Good news for daTruthSquad – he/she is getting some help from the Electronic Frontier Foundation to beat back the Manalapan politicians who want to out the source of scathing criticism.

We also appreciate the shout-out on our previous comment on the matter. Thanks.

In doing a little research on the possibility of anonymous libel, we came across this article from the First Amendment Center.

Here’s a few of the key paragraphs:

…In most cases involving anonymous online libel, courts have dismissed the lawsuits and/or have refused to have the identity of the anonymous critic revealed.

The seminal (and only federal) case on this issue is Doe v., Inc. In this 2001 case, shareholders of filed suit against the company amid allegations of fraud. Some of the disgruntled shareholders made their discontent known by posting messages critical of on Internet bulletin boards…. responded by presenting a subpoena to [the ISP] in an attempt to obtain the identities of these people.

…The First Amendment, said the court, protects the anonymity of Internet speech. It called anonymous speech a “great tradition that is woven into the fabric of this nation’s history,” and added that “the ability to speak one’s mind on the Internet without the burden of the other party knowing all the facts about one’s identity can foster open communication and robust debate.”

“People who have committed no wrongdoing should be free to participate in online forums without fear that their identity will be exposed under the authority of the court,” the district court said. argued that the right to speak anonymously did not create any corresponding right to remain anonymous after speech. Once [a poster] and his cohorts made public accusations, the company said, they had to own up to them, their identity became fair game, and the company had the right to know who its accusers were.

But the court disagreed, warning that “if Internet users could be stripped of [their] anonymity by a civil subpoena … this would have a significant chilling effect on Internet communications and thus on basic First Amendment rights . … Unmeritorious attempts to unmask the identities of online speakers have a chilling effect on Internet speech.”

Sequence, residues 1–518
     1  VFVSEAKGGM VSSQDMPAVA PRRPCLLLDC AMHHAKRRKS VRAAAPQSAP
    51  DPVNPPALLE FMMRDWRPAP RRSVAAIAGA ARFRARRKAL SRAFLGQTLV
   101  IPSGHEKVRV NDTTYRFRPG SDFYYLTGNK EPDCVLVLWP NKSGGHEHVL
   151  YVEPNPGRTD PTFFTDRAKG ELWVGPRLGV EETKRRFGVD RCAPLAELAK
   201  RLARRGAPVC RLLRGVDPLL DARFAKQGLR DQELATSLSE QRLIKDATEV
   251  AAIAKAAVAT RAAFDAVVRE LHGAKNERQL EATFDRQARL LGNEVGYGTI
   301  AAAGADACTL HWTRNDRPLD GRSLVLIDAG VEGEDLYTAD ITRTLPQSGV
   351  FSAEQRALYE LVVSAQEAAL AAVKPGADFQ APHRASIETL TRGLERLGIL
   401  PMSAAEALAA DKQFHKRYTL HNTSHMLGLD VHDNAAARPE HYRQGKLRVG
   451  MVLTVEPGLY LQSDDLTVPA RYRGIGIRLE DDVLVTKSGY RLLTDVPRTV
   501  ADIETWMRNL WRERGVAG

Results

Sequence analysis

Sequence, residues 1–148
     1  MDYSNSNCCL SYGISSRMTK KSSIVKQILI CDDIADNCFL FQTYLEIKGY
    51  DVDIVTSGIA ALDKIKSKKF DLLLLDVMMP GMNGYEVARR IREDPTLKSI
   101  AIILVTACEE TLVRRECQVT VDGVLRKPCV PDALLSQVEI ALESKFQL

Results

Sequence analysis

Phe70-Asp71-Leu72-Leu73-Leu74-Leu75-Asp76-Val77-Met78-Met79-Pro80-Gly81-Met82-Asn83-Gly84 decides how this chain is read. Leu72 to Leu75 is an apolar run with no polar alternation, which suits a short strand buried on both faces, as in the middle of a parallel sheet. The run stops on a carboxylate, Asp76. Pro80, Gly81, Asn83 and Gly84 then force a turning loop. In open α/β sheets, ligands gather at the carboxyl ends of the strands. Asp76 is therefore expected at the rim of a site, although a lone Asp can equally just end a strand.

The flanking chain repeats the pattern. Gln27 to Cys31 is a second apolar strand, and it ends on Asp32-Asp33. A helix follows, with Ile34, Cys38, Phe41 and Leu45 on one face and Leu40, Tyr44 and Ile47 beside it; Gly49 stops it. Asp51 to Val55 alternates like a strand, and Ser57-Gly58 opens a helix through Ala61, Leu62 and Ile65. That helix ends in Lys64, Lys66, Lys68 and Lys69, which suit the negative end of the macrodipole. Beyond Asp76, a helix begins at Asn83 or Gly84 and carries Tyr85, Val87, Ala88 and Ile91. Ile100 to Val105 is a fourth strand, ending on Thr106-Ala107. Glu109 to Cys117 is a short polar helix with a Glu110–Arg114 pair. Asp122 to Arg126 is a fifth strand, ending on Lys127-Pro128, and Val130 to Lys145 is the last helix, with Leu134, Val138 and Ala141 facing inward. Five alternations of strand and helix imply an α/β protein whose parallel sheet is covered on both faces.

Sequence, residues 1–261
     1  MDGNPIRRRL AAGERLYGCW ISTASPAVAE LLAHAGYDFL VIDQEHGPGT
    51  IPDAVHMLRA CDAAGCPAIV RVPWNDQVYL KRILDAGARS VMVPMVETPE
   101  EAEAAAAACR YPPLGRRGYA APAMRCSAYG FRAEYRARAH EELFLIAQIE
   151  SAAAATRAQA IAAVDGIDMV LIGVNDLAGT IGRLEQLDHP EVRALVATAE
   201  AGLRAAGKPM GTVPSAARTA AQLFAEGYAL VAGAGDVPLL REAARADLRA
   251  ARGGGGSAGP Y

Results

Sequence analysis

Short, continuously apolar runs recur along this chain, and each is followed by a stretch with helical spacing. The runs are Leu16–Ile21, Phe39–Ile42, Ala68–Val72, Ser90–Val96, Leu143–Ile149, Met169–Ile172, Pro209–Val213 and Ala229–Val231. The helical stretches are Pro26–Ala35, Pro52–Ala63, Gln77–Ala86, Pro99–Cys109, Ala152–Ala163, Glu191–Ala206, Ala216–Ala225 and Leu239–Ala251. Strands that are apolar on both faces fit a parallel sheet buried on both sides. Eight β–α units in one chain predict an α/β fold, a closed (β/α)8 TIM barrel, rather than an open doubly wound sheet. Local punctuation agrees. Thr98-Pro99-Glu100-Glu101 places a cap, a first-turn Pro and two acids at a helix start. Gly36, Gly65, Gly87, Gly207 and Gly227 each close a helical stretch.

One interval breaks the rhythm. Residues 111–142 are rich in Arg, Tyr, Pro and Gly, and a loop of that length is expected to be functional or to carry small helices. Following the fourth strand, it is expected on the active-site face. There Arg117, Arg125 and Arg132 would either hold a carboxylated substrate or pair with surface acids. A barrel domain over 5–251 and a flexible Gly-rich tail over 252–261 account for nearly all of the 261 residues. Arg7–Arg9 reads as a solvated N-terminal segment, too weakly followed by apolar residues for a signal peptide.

The court devised a strategy to balance the interests in protecting a party’s online anonymity with preserving an opposing party’s right to sue for libel if warranted. The ruling announced a four-part test, such that the identity of an anonymous Internet user could be disclosed if: “(1) the subpoena seeking the information was issued in good faith and not for any improper purpose; (2) the information sought relates to a core claim or defense; (3) the identifying information that is directly and materially relevant to that claim or defense, and (4) information sufficient to establish or to disprove that claim or defense is unavailable from any other source.”

Applying this test to the facts before it, the district court denied the issuance of the subpoena, concluding that’s real purpose in seeking it was to intimidate its critics into silence.

Although some other bloggers have lost some lawsuits, provided daTruthSquad didn’t say anything really bad and libelous, the town will hopefully be forced to give up and let daTruthSquad blog in peace.